Indie Comic Review: Horror Streetz #2



Previously…


Last time I reviewed a horror comic called NightFall about a Teenage Werewolf and his clan. So I decided to review Jeff Carol’s second Horror Streetz anthology, a smorgasbord of culturally relevant horror. Which culture you may ask? Well, American of course, in all of its history of racial tension and hysteria. So let’s dive in, but first…



*Spoiler that ish*

Situation

The first story is one of racial hysteria and how black men tend to feel after numerous bouts with racism. Don’t Let them Get your Head, is the old saying just because you’re paranoid doesn’t mean someone isn’t out to get you personified. Bradley the aforementioned paranoid person and his wife Jenna are on their way to a Zora Neil Hurston in northern Florida tend to be less hospitable to black folk than the southern part of the state. While on the road Bradley is wary of everything, the nature of the festival itself calling it an ‘appeasement thing’, which white people let them do. The couple ends up out of gas in front of the house of an old white couple. Jenna is given water and then things go left, while the couple isn’t racist they are something just as inhuman. The next story is Baba vs The White Hoods is a story where the vengeful spirit of a wrongly executed slave, attacks KKK members who are out looking for his grave in order to deface it and they end up getting a deadly surprise. The last story is of a teenaged gargoyle named Fanger Nails who encounters a ghost that attempts to haunt her and after a few seconds of squabbling, they decide to join forces leaving the door open for more adventures.


Story

My favorite story in this anthology was Baba vs The White Hoods because it wraps up fairly nicely, Don’t Let them Get in your Head story had a great premise but didn’t have anything that felt like a real conclusion. The character of Bradley is a very real person and highlights just how intensely racism and the fear of its reach can permeate our minds and make us paranoid. I the case of Bradley and Jenna, his paranoia almost saved them as he was wary of the two elderly white people from the beginning. I would have liked to know what they were and what their plans were for the couple but maybe we’ll get that in issue 3? Baba vs The White Hoods was a great vengeance horror story in the vein of a Jason Vorhees, a bunch of horrible people getting killed by a vengeful spirit and I was all for it. I wasn’t really interested in Fanger Nails, the tone seemed much different than the first two tales and gave me more of a Danny Phantom vibe than a horror story feel. I’d love to see more of the Don’t Let Them Get in your Head in another installment of this book.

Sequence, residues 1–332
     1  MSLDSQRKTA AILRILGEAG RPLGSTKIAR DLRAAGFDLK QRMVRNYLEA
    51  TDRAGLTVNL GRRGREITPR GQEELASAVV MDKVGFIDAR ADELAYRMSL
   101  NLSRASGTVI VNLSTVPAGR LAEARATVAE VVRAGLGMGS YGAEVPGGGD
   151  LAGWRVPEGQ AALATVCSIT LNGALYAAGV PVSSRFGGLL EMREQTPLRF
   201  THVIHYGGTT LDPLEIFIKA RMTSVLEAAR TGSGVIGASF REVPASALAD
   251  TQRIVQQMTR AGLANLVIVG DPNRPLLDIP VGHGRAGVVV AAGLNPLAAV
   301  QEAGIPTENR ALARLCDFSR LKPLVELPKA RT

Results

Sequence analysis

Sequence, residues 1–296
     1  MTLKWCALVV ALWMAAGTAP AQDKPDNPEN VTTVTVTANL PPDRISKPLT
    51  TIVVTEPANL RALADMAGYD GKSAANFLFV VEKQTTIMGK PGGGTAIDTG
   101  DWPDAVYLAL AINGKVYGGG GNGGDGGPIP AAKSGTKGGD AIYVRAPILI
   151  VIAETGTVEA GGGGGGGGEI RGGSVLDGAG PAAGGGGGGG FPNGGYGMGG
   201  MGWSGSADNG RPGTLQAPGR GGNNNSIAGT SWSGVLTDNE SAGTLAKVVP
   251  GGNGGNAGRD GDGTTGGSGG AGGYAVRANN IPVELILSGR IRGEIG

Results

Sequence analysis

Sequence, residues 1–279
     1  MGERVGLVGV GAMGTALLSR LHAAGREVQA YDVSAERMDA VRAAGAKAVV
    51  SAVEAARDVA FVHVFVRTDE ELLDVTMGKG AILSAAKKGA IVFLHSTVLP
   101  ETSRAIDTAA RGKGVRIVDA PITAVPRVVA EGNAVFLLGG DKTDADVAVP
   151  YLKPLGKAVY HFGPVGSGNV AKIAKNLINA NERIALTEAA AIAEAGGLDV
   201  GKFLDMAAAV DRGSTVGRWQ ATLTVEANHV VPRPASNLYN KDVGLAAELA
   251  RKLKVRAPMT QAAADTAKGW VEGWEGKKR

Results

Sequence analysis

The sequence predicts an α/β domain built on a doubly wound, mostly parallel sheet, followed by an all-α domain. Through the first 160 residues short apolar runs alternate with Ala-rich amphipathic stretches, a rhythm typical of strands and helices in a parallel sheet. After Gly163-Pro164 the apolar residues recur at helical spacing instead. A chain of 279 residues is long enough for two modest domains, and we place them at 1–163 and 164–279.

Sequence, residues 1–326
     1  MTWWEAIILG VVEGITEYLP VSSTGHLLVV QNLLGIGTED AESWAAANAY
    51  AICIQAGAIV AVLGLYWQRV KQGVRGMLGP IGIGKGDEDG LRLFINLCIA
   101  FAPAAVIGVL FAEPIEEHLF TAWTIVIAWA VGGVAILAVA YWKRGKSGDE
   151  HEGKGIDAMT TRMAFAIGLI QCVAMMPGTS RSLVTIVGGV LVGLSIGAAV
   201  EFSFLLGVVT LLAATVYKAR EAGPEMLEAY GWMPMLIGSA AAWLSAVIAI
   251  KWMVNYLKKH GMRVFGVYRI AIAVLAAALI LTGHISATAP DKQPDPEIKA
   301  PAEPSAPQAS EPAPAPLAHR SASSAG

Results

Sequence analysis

Pictures

Luis Gabotto illustrates Don’t Let Them Get in Your Head very well, adding a bit of an EC horror feel to the proceedings. The characters while not grotesque are exaggerated in their features, especially in times of distress, and the simple yet efficient shapes that comprise their figures give them a familiar yet eerie feeling especially when it comes to the elderly white couple. He also expertly illustrates the very Tales from the Crypt like Baba vs The White Hoods and does an amazing job of capturing the Klan member’s looks of horror as they are brutally murdered by Baba. Fanger Nails’ art is actually fairly good but the bright colors and the characters' youthful appearances seem a bit out of place, though that’s not by any means a bad thing. I just feel like the last stories art could have been better placed in another issue.


Real


This was an enjoyable anthology. I would have liked more stories like Don’t let them and Baba in the future.


PURCHASE


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This review was written by Ra'Chaun Rogers on behalf of Concept Moon Studios. If you enjoy his comic reviews click here or more!



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